A police report recorded at the scene of the accident will be advantageous, especially if a lawsuit is necessary. A police officer will note all vital elements of the crash, including names, vehicle registration, road conditions, and witness statements.
However, drivers may not need to report some Florida car accidents to the police. A traffic crash report from law enforcement is only a requirement in the following situations:
- It caused at least $500 in vehicle or property damage.
- It caused injury or wrongful death.
- It was a hit-and-run collision or a DUI car crash
- It requires a wrecker to remove the vehicles
- It was a crash with a commercial motor vehicle
If the car crash does not meet the requirements, the drivers can complete a “Driver Report of Traffic Crash.” Alternatively, the police officer can provide each driver with an exchange-of-information form.
- Exchange information with the other party
Reach out to other motorists involved and exchange relevant personal details. It includes names, phone numbers, addresses, driver’s license numbers, vehicle registration, and insurance policy information. If passengers were hurt, it is encouraged to get their details too.
- Gather evidence and witness testimonies
Regardless of the gravity of the automobile accident, gather evidence through photos or videos of the damage. Take clear photographs and videos, including different angles of the vehicles. It can also help identify weather conditions and road obstructions, which can be helpful for your personal injury claim.
Recording videos with audio can bear clues that prove liability. For example, slurred speech can be a sign of intoxication.
Seek witness accounts of the accident and collect relevant personal information of witnesses, such as their names and contact information. If permitted, you can also record their interpretations of the incident.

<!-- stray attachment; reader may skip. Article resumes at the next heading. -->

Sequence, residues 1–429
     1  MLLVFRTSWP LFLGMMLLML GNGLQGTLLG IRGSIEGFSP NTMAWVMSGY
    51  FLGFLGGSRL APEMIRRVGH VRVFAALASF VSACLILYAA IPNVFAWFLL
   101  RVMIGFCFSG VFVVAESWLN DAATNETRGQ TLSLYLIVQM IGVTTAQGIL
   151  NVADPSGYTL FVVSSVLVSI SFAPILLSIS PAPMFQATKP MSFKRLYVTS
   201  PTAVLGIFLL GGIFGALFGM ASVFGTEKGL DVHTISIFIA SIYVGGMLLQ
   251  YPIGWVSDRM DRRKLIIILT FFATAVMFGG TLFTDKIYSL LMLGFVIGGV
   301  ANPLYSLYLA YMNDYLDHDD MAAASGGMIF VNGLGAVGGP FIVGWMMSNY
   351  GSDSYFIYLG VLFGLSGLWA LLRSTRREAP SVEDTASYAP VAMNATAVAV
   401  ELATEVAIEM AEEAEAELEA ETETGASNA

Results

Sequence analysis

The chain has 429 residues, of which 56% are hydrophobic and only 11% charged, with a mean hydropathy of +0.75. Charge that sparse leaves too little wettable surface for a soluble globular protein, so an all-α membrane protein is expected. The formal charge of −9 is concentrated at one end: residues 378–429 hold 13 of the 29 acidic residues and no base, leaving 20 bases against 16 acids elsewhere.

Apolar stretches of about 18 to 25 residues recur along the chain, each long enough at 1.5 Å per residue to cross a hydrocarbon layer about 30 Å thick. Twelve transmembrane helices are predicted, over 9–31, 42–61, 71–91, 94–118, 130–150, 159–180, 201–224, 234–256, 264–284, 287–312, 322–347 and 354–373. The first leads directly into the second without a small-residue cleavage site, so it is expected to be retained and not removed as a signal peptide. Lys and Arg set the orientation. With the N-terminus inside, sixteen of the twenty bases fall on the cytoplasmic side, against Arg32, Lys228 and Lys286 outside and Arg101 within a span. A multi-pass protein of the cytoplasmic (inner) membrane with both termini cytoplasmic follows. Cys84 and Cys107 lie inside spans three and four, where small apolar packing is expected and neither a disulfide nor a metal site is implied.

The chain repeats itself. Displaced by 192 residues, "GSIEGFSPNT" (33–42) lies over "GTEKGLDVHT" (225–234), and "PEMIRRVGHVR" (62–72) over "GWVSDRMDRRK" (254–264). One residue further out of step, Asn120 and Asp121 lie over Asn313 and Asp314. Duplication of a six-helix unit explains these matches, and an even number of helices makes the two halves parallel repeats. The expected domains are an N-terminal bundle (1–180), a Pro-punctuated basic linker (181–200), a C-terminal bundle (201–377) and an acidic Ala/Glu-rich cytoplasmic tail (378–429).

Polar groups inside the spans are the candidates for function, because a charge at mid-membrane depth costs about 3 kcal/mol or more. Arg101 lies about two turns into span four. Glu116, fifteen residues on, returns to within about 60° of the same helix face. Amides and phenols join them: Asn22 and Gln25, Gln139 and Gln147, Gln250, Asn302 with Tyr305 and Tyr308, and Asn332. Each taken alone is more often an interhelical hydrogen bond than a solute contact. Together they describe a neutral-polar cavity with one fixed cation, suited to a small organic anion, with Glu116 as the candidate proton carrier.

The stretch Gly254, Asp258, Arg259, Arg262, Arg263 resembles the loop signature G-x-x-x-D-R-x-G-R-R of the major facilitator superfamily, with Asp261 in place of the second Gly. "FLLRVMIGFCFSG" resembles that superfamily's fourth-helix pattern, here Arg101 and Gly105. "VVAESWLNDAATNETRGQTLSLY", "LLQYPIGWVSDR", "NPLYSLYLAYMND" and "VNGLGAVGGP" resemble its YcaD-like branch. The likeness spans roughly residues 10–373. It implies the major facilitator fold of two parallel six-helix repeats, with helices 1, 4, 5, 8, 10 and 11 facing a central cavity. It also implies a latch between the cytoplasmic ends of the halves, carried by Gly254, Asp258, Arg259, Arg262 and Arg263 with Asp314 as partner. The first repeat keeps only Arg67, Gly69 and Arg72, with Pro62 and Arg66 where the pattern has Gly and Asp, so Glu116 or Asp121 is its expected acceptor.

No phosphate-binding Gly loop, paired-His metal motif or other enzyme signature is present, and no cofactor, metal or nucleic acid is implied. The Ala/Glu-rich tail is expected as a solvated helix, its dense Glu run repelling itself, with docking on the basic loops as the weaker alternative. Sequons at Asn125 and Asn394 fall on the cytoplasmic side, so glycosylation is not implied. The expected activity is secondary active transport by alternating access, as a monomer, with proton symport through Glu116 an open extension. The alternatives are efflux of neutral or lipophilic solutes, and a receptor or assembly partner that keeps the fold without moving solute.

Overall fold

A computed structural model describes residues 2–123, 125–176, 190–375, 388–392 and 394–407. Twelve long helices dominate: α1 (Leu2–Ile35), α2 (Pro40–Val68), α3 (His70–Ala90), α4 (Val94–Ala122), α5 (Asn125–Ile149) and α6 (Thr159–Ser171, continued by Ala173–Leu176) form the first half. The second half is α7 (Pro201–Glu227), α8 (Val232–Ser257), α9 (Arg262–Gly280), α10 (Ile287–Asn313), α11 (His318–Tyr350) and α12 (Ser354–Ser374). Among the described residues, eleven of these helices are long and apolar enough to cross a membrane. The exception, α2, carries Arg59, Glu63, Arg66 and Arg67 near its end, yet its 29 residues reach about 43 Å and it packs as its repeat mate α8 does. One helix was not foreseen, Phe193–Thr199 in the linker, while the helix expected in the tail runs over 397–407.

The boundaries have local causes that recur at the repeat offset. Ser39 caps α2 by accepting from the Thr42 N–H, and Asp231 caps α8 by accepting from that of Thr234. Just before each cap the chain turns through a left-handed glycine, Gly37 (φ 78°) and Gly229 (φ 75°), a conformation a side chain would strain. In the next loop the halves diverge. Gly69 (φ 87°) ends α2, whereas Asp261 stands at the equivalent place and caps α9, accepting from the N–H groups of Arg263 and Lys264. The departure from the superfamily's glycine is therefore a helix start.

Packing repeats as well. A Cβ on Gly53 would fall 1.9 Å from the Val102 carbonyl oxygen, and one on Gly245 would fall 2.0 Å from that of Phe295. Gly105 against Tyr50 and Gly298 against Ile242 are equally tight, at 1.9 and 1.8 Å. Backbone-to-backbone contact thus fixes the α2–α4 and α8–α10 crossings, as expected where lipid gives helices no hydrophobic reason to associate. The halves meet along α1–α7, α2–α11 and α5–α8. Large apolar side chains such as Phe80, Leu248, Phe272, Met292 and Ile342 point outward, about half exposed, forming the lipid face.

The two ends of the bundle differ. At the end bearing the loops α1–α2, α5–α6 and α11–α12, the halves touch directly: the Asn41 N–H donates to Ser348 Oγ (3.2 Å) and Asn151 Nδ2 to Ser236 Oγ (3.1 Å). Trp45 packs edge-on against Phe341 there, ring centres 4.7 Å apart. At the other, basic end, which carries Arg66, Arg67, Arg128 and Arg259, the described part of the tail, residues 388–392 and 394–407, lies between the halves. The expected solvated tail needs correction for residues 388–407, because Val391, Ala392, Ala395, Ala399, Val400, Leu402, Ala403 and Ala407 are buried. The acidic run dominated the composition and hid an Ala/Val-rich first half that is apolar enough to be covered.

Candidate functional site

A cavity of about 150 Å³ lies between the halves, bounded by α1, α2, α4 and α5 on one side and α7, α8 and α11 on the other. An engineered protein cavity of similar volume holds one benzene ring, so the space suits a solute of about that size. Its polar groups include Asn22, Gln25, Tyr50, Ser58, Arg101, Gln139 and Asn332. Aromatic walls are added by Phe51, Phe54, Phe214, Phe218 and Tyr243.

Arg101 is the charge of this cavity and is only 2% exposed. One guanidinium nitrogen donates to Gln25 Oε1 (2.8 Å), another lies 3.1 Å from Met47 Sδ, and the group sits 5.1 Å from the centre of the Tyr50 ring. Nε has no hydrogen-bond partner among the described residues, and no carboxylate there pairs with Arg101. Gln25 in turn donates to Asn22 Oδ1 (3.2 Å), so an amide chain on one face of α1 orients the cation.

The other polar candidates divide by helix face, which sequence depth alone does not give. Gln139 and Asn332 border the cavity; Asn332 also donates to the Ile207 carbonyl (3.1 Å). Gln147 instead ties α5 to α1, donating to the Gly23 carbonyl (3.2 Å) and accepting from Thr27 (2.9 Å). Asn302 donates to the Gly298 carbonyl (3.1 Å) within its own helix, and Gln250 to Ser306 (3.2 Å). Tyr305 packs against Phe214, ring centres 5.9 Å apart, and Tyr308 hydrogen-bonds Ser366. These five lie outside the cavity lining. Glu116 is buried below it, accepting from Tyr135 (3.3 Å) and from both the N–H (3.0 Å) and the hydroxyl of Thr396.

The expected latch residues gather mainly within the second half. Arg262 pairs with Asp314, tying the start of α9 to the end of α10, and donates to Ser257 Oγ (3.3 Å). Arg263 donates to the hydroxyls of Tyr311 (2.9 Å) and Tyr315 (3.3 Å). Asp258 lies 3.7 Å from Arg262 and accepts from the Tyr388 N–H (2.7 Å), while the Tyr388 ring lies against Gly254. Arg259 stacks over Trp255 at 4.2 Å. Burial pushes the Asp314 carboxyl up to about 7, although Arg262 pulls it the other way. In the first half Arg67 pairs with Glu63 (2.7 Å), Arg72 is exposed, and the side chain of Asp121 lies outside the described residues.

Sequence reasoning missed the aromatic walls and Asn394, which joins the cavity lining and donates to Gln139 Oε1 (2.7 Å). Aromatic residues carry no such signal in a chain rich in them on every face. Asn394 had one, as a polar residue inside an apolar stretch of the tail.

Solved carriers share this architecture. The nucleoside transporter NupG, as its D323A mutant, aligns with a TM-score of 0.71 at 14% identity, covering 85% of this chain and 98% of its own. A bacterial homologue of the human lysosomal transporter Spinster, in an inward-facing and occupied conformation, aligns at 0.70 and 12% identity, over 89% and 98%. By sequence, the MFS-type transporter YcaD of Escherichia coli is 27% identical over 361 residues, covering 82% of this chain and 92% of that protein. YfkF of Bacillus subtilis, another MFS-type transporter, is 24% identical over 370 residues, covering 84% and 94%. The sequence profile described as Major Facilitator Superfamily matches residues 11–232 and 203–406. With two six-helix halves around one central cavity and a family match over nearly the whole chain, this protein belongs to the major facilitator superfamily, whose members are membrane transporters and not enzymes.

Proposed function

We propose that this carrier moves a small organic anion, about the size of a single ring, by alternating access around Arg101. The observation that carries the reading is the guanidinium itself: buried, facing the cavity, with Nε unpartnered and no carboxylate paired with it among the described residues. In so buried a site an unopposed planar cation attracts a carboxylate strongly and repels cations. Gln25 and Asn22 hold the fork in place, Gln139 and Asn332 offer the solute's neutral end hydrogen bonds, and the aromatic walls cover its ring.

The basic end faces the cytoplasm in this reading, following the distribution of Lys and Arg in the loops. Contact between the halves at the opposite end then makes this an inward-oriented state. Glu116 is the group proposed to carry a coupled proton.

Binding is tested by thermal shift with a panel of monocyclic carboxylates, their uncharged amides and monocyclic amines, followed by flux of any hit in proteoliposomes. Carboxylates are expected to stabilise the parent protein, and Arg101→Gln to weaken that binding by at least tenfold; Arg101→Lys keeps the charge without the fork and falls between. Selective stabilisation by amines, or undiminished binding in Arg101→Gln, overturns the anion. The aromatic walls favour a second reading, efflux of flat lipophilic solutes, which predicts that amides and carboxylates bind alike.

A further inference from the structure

- Contact a Florida car accident lawyer
Filing a car accident claim in Florida can be straightforward due to its no-fault insurance rules. But car accident victims may still encounter unfair payouts and other challenges in determining liability in case of a lawsuit. Because of Florida’s pure comparative negligence rules, compensation for your car accident claim depends heavily on your contribution to the accident.
It is advisable to seek the guidance of a personal injury attorney before talking to insurance companies. Car accident attorneys can negotiate the best compensation for your losses.
Let The Personal Injury Center Help Find You a Car Accident Lawyer
Florida auto accidents can be tricky to address, given the various statutes that come into play. However, the process becomes more manageable with legal advice from an accomplished Florida car accident legal team.
You can seek financial compensation for economic and non-economic losses for you and your loved ones. A successful car accident claim will award you damages for medical bills, medical expenses, lost wages, and lost earning capacity. In addition, you will also receive damages for the emotional distress and pain and suffering you endured after a traumatic event.
Experienced auto accident attorneys with a record of successful verdicts in personal injury cases can help you the most with your claim. These specialists can negotiate fair compensation for your losses.
You can book a free case evaluation with The Personal Injury Center. It only takes three steps to get a 10-minute initial consultation with the appropriate car accident lawyer:
- Briefly describe your car accident case
- Provide your contact information
- Choose car accident attorneys to contact you
You can also browse our site for additional information on your personal injury case. It has a collection of helpful articles that can shed more light on your concerns about personal injury law.
FAQs on Car Accident Lawyer Florida
When can I file a lawsuit for a car accident case in Florida?
A statute of limitations generally sets a timeframe on when you must go to court and file a lawsuit. In Florida, a car accident victim must file a case within four years of the date of the accident. If this time limit passes, the Florida courts will most likely dismiss your personal injury case unless they extend the deadline.
How do I self-report a car crash in Florida?
Motorists in minor auto accidents can self-report a car crash in Florida. You can find their Traffic Crash Report Forms online at the FLHSMV website. Once completed, you can send the forms via email or snail mail to their office.
What if I can’t report an auto accident in Florida?
Suppose a motorist cannot report a car crash due to serious injuries. In that case, an occupant of the vehicle can report it to authorities. If the driver was alone during the auto accident, the vehicle’s owner should report it within 10 days. If a driver does not declare a car crash, it is considered a noncriminal infraction.